“The journey of dating a narcissist has several distinct phases,” says Sal Raichbach, PsyD, of Ambrosia Treatment Center. “At first, they’ll make you feel special. Since they feel they’re special, only other special people can understand them. Over time though, this feeling will carry less weight. You’ll start to feel like they don’t even really know you, mainly because you don’t spend much time talking about yourself.”
3. Narcissists require tremendous amounts of attention.
“Narcissists like to talk about themselves, which is another obvious sign,” Raichbach says. “Instead of sharing and listening to you, they’re emotionally evasive and expect you to save your breath for reinforcing their specialness.”
Over time, they’ll demand more attention from their partners. According to Balestrieri, that can manifest in insidious ways.
“Someone with [narcissism] might be pretty antagonistic, actually,” she says. “And negative attention is better than no attention. The thing that would get to the narcissist’s core the quickest is being irrelevant, and when we don’t give a narcissist attention, they feel irrelevant. Often, they can get provocative and antagonistic as a way to at least secure that [attention].”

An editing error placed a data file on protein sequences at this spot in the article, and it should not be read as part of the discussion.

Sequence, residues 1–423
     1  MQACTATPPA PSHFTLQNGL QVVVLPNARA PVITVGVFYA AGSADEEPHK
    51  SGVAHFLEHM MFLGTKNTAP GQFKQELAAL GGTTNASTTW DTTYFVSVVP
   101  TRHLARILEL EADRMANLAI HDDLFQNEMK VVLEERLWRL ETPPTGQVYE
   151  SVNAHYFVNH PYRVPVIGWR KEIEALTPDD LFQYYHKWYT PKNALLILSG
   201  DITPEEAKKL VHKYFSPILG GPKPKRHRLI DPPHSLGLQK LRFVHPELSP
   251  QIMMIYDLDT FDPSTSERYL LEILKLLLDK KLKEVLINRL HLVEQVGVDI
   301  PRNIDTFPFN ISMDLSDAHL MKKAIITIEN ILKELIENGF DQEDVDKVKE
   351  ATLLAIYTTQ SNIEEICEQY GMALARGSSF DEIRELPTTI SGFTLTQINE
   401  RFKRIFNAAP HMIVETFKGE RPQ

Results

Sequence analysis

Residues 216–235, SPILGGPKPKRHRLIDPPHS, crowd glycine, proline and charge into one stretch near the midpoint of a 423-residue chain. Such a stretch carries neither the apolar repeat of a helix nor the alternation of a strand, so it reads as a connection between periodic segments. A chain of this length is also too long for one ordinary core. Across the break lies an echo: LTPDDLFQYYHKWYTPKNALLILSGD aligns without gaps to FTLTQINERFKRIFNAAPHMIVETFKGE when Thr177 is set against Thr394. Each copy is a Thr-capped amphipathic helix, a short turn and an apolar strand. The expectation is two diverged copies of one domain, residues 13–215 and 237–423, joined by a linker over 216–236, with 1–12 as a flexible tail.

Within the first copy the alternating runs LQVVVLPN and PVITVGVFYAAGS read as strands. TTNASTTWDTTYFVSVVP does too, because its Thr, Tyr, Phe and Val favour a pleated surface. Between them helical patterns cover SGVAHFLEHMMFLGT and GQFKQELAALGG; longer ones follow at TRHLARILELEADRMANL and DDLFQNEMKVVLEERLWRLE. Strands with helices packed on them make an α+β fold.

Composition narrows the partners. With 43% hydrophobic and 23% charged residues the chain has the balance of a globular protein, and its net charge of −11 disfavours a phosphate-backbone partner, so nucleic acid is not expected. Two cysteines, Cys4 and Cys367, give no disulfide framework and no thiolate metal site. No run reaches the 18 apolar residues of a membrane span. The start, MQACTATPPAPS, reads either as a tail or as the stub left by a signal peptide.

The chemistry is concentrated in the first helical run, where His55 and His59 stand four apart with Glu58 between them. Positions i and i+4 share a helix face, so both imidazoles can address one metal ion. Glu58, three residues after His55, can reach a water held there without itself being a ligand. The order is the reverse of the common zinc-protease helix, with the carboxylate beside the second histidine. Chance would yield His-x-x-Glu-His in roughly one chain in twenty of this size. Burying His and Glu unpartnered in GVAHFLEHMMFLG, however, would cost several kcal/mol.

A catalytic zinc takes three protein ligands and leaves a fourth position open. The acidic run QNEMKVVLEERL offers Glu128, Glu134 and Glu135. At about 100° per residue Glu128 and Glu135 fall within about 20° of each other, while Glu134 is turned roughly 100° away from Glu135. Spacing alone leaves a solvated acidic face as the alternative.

To a narcissist, the line between “positive” and “negative” attention might be razor thin. Narcissists often behave in less agreeable ways than non-narcissists, particularly when they have low self-esteem.
“Think about the little boy who goes to the refrigerator and says ‘Mom, mom, mom, mom—look at me, look at me!’” Balestrieri says. “She’s on the phone, and he finally turns over a carton of orange juice and smiles—because now, he has mom’s attention, even though he’s doing something naughty.”